by Laura Savage
It’s that time of year again when families are preparing students for another school year and searching for resources to help their young people succeed. For Black families in San Francisco, the struggle may be compounded with rising housing costs, hostile relations with law enforcement and the harsh reality of implicit bias in public schools across the city. To mitigate these obstacles for Black families, local agencies and organizations are coming together to show support for the San Francisco Black community.
For some, there are the stresses of society and education intersecting at critical points in young people’s lives. Friday, Sept. 17, 2016, the annual Black Family Day takes place at San Francisco’s Mission High School. The organizations hosting the event “represent a combination of those that we hold accountable for serving our Black families and those community-based organizations that have years of service and experience in supporting Black families,” says Landon Dickey, special assistant to the superintendent in San Francisco Unified School District.
Those accountable include San Francisco Mayor’s Office, San Francisco Unified School District, the Alliance of Black School Educators, 100% College Prep, Mo’ Magic and AfroSolo.
The goal of Black Family Day is to connect Black families to much needed resources and to capitalize on the leadership skills already present by giving them the skills needed to navigate public and private systems on behalf of their families. The day includes “a Southern buffet brunch, community resource fair for students K-12, a Family Advocacy Summit for parent and school site leaders, and a series of workshops in the afternoon,” added Dickey.
Dr. Mary Bacon, consultant to the SFUSD hired to work with Black families around a number of issues, added “workshops will be provided that can inform families about important information to assist them in negotiating the educational system and how to establish effective relationships with educators [and other families].”
The hope is to counter the current narrative that San Francisco isn’t a city for Black families. The numbers are dwindling – partly due to excessive housing costs dislocating low-income residents and partly due to Black residents perceiving they are unwelcome.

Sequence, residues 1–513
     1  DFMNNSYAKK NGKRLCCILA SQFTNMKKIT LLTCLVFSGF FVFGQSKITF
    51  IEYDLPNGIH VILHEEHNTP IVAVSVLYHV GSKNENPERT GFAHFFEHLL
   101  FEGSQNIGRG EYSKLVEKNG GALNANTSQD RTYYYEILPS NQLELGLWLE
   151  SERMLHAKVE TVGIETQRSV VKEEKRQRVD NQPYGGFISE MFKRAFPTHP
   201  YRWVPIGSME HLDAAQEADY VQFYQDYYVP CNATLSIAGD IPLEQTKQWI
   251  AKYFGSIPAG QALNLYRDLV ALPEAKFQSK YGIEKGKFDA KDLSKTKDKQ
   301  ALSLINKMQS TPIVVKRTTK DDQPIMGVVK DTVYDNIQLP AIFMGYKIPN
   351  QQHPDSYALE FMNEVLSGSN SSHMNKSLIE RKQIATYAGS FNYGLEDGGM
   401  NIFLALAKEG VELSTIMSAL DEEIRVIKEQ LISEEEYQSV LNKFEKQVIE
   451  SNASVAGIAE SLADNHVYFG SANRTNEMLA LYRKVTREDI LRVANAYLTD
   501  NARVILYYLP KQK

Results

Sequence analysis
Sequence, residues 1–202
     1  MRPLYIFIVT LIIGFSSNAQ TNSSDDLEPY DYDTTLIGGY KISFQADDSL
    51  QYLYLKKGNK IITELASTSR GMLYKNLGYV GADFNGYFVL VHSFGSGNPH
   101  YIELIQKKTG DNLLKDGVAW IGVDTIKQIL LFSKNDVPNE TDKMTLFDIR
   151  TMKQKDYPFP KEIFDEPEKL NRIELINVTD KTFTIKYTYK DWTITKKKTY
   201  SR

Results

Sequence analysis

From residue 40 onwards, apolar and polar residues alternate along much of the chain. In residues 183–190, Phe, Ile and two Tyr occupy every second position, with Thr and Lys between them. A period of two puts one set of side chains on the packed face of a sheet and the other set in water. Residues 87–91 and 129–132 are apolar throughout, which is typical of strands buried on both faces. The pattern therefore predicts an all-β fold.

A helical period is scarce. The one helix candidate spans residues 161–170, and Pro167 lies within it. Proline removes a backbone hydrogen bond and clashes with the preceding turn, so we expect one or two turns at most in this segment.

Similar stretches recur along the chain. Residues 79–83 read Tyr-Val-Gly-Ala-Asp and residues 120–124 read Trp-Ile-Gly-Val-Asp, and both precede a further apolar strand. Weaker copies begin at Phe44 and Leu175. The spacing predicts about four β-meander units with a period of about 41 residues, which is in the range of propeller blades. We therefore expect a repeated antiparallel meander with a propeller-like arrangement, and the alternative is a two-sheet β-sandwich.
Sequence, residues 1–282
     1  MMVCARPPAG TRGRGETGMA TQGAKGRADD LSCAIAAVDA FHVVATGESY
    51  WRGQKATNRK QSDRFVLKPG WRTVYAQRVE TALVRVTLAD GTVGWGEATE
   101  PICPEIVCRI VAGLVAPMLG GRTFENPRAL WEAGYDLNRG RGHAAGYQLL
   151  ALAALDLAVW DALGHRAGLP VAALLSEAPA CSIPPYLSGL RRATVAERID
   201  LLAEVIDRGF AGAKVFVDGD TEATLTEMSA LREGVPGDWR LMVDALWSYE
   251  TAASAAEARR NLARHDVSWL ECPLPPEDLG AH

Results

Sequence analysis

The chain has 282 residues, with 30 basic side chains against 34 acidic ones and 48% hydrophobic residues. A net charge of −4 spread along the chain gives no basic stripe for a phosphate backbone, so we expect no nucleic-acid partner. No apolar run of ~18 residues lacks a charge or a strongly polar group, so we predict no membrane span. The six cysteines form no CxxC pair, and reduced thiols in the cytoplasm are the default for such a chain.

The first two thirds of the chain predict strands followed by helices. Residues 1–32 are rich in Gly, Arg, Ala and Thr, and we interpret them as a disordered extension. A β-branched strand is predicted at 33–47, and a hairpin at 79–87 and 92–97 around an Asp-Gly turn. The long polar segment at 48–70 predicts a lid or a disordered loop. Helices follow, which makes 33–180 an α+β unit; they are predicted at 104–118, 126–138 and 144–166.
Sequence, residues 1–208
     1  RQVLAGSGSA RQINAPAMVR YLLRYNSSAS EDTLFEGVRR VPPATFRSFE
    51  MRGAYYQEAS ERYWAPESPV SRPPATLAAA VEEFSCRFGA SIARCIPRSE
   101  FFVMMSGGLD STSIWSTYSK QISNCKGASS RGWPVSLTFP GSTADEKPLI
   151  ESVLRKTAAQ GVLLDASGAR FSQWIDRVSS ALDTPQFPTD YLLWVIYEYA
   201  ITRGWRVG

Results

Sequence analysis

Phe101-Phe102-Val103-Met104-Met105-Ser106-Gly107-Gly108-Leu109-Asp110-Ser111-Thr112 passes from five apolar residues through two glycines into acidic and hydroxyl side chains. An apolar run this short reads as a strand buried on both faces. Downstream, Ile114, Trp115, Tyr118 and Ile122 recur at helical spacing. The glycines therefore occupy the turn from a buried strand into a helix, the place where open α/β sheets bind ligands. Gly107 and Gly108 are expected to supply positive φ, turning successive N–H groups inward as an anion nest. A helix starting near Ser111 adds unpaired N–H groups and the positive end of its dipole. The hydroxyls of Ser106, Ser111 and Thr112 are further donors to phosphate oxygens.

“Families will get connected to key allies within the city that wants to see them thrive,” says Dickey. “They will receive important information regarding academic expectations for their children and how to best advocate for their children within SFUSD.”
This is a good opportunity for Black families to see the extent of the support they have in San Francisco. “It is essential that the community continue to sponsor events that provide opportunities for African American families to participate in activities where they are not in the minority,” said Bacon “and where they can provide mutual support for one another.”
Topics covered in workshops for all ages include navigating and understanding Special Education, understanding new “social emotional report cards” in SFUSD; Black male development and engaging with the police, and cradle-to-career college readiness skills, to name a few. In addition, a raffle giveaway will take place for participating families with a chance to win Warriors tickets or a computer tablet. Shuttle buses to Mission High School are available at spots around the city.
If families or community members want more information, monthly workshops and events will take place throughout the year. For more information, email email@example.com for details.
Laura Savage is a member of the Black Family Resource Network and will be giving a workshop on “Navigating Special Education” in SFUSD. Laura can be reached at firstname.lastname@example.org.